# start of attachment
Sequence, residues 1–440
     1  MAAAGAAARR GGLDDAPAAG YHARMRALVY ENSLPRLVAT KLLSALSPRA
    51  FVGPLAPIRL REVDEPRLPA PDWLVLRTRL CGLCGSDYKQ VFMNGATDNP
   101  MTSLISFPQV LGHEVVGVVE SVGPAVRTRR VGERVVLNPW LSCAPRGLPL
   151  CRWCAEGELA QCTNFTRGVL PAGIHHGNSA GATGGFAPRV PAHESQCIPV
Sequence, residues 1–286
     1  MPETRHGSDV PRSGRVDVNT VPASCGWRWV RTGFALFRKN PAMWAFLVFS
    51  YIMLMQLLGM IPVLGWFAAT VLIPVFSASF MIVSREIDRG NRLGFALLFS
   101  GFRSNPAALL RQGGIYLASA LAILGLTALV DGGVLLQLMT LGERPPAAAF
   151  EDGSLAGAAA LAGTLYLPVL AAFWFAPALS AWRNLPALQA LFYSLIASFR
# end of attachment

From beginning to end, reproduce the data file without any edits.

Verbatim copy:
Sequence, residues 1–440
     1  MAAAGAAARR GGLDDAPAAG YHARMRALVY ENSLPRLVAT KLLSALSPRA
    51  FVGPLAPIRL REVDEPRLPA PDWLVLRTRL CGLCGSDYKQ VFMNGATDNP
   101  MTSLISFPQV LGHEVVGVVE SVGPAVRTRR VGERVVLNPW LSCAPRGLPL
   151  CRWCAEGELA QCTNFTRGVL PAGIHHGNSA GATGGFAPRV PAHESQCIPV
Sequence, residues 1–286
     1  MPETRHGSDV PRSGRVDVNT VPASCGWRWV RTGFALFRKN PAMWAFLVFS
    51  YIMLMQLLGM IPVLGWFAAT VLIPVFSASF MIVSREIDRG NRLGFALLFS
   101  GFRSNPAALL RQGGIYLASA LAILGLTALV DGGVLLQLMT LGERPPAAAF
   151  EDGSLAGAAA LAGTLYLPVL AAFWFAPALS AWRNLPALQA LFYSLIASFR